Fresh from the Singapore Biennale, where his installation My We must rank as one of the event’s most photographed pieces, Louie Cordero returns to Manila with Slow Education. Louie hasn’t had a solo exhibit back here since 2008’s fantastic Absolute Horror, so this comeback to MO Space generated excitement and curiosity among his collectors. Personally, I wanted to witness the direction Louie would take, given that before the Biennale, he was coming from another big project: Sacred Bones, his solo at New York’s Jonathan Levine Gallery.
Louie first made his name as the creator of the underground comics series Nardong Tae and for the CD covers he designed for local bands. We consider him as the original purveyor of Pinoy lowbrow. His graphic style antedated the movement in Manila by a decade. The monsters and zombies that populate his paintings, sculptures, and installations are distinct for their liberal use of violent and gory details–e.g., popped out eyeballs, brains, and innards–rendered in candy colors. This exhibit, however, signals a shift, a slight variation of the images that we have come to associate with him.
Louie has called this show Slow Education because he has consciously gone back to the basics of art school. The paintings on exhibit depart from the densely packed works on canvas that we know. He reinvestigates the origins of modern and avant-garde art, fiddling with shapes and forms that hark back to Picasso and Braque, eliminating and simplifying instead of piling on figures to make up narratives. The paintings do, however, retain the touches that identify them as singularly Louie’s. They have been injected with a dose of humor, incongruous juxtapositions, and bright, acid hues. One of the bigger works on canvas takes an image of the late Francis Magalona (from his album Yo!) inspecting a collection of shapes that resemble tribal sculpture, while traces of Mondrian lie visible on the paintings left—the king of Pinoy rap meets the creator of the Boogie Woogie injected with a dose of Africa, all in one painting.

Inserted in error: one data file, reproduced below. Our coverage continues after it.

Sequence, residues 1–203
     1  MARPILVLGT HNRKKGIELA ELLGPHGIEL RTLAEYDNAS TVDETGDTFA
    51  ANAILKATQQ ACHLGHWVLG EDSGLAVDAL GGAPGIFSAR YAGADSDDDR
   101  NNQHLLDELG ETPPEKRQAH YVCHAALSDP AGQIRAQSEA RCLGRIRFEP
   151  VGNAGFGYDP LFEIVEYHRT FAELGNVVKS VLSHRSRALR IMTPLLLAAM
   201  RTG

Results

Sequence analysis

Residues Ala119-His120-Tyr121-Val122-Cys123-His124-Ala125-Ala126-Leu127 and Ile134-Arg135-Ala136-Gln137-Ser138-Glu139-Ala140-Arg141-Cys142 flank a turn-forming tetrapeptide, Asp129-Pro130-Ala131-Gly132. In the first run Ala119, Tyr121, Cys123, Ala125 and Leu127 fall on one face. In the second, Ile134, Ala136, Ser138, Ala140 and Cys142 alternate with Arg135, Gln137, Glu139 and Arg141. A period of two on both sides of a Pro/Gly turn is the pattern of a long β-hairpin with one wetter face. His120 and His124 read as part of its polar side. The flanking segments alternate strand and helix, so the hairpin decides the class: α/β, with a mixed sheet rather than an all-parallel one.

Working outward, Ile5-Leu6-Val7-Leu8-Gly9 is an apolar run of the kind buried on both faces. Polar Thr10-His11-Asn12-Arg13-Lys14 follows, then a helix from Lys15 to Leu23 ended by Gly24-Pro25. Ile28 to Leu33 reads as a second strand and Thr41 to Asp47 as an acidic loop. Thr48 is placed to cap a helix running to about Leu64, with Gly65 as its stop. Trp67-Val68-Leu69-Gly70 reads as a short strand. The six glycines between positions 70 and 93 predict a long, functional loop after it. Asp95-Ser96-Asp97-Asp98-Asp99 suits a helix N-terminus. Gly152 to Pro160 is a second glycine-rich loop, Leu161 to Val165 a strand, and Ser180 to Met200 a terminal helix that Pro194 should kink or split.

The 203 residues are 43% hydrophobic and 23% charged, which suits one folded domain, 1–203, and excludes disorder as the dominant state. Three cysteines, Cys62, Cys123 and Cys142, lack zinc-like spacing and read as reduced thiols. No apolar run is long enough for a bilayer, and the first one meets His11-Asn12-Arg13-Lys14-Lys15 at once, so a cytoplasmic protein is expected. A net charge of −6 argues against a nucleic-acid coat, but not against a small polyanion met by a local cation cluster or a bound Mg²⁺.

My two favorite pieces of the show are of abstracted cityscapes tempered from seriousness by the addition of food and a pair of eyeballs. An upturned banana turns one into a smiling face, while an inverted sausage makes the other painting frown. Both are diamond-shaped oil paintings on canvas. On another small-scale canvas, he gives us a multi-colored deconstructed duck on a moss green base.
The exhibit features several of Louie’s old drawings. Some of them go back ten years and through them, we witness his experiments with what would eventually turn into major pieces. They also showcase Louie’s excellent skills with pen and ink!
Overall, I felt the exhibit gives off a promise of things to come. I say this because Louie works with a variety of media, and his paintings are just one aspect of how he threshes out his concepts. How he plays this series out, whether it will spawn the awesome range of his past works, should be great to see.
Slow Education runs from 26 March to 24 April 2011 at MO Space, 3F MOs Design Bldg., B2 Bonifacio High Street, Bonifacio Global City, Taguig. Phone (632) 856-2748 or visit http://www.mo-space.net